SINGAPORE: Oil prices rose on bargain-buying in Asia on Wednesday after hitting two-month lows but gains were hobbled by concerns about an oversupply and weak demand after the IMF lowered its global economic growth forecasts.
Investors are playing a holding game ahead of the release later in the day of official US stockpiles figures, which will provide a better handle on the outlook in the world’s top oil consumer.
Supply disruptions that lifted prices from near 13-year lows in February have eased and the situation in Turkey is stabilizing after the weekend’s failed coup attempt, turning attention back to the supply issue.
At around midday, US benchmark West Texas Intermediate rose 11 cents, or 0.25 percent, to $44.76 and Brent added 19 cents, or 0.41 percent, to $46.85.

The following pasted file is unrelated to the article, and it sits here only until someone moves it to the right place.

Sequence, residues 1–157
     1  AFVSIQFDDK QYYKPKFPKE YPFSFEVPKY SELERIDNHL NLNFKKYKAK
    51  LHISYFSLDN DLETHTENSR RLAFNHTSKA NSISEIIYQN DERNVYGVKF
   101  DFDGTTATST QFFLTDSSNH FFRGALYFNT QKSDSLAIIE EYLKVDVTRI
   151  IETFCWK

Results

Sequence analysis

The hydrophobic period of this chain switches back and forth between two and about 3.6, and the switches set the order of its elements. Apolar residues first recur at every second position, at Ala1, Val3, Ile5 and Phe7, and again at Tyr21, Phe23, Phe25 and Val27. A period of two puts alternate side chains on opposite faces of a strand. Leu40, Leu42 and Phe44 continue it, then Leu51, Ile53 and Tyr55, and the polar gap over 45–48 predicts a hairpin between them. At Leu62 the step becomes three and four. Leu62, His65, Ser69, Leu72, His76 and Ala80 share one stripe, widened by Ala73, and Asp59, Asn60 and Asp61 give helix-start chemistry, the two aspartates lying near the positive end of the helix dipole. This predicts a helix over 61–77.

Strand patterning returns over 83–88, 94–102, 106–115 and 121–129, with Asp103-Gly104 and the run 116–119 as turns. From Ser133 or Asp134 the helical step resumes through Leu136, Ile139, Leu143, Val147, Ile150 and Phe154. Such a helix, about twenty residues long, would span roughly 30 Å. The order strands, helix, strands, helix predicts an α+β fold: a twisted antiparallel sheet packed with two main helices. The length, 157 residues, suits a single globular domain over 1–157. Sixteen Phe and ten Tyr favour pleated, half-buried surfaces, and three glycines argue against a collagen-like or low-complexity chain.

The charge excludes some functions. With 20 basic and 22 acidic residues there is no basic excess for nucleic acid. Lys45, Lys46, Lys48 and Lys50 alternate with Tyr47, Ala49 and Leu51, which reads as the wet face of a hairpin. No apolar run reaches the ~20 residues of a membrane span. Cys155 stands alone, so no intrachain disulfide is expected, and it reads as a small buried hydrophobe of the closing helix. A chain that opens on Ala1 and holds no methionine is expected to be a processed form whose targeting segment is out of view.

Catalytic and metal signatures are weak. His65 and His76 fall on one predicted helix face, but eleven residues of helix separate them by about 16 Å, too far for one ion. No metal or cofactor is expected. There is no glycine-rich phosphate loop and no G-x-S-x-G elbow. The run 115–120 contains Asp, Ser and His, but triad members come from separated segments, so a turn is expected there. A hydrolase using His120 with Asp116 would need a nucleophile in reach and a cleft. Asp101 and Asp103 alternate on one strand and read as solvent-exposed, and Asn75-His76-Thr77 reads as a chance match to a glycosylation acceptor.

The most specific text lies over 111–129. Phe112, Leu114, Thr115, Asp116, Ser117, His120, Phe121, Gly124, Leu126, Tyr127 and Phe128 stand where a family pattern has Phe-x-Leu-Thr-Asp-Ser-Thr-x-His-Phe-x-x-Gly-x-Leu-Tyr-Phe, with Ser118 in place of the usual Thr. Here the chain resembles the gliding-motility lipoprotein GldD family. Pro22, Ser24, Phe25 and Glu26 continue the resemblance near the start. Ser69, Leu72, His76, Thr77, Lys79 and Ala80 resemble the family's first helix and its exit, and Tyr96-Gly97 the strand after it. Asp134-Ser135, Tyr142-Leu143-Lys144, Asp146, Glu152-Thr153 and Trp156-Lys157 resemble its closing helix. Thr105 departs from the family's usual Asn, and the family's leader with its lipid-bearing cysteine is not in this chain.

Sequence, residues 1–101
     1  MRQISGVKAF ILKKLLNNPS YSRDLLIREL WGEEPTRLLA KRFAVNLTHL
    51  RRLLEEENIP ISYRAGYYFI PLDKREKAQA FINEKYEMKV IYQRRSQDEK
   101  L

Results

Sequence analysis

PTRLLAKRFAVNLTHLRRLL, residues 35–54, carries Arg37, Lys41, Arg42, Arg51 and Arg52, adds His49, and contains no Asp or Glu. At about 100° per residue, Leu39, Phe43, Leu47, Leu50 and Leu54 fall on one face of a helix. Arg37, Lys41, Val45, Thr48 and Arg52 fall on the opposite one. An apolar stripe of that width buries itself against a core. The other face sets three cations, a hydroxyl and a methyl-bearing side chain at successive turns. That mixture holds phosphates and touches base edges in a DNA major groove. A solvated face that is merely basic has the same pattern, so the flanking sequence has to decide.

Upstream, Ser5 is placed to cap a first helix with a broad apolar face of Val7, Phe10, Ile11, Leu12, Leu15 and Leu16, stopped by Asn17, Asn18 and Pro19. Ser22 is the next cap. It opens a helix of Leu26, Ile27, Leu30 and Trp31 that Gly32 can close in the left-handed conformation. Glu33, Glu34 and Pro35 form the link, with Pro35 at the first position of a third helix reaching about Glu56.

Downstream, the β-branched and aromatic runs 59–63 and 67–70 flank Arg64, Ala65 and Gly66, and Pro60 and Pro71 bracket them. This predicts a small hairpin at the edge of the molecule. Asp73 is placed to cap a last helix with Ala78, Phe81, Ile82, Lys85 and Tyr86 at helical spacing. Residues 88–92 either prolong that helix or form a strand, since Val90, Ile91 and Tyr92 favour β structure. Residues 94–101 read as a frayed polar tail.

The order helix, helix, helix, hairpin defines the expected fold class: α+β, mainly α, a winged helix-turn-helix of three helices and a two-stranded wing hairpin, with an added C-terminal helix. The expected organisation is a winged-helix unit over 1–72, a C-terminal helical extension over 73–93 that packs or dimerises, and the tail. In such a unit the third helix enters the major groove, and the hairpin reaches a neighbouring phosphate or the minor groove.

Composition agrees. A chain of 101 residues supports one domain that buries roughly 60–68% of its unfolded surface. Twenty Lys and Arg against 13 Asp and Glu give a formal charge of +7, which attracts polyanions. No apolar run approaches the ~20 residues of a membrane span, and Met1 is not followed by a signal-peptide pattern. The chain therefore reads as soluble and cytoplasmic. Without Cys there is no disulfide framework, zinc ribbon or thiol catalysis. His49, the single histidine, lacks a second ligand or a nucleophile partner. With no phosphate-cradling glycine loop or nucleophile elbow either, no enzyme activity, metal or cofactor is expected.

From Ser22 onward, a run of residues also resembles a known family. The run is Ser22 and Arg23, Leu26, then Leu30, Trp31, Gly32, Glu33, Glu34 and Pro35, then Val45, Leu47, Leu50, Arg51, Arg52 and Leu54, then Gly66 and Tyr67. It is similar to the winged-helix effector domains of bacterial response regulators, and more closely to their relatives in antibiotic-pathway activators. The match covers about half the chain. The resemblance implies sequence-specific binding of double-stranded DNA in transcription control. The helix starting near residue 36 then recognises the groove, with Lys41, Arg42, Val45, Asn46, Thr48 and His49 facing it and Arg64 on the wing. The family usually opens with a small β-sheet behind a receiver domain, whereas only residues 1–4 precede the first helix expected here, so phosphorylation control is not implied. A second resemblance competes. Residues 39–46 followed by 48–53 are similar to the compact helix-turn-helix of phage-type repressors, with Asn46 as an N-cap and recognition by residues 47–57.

WTI fell three percent in the previous two days, while Brent lost two percent in the same period.
On Tuesday the International Monetary Fund cut its growth estimate for the world economy by 0.1 percentage points for both this year and next, citing the effects of Britain’s shock decision to leave the European Union.
CMC Markets client services executive Alex Furber said oil was also taking a hit from renewed strength in the dollar, which makes the commodity more expensive for anyone holding weaker currencies.
He added that he saw the dollar rising further.
The greenback has picked up in the past two weeks on growing speculation the Federal Reserve will lift interest rates before the end of the year following a string of upbeat data, including a forecast-busting reading on jobs creation.
Crude prices have fluctuated between $44 and $52 per barrel in the past month, after falling below $30 in February on the back of the world supply glut and weak demand. AFP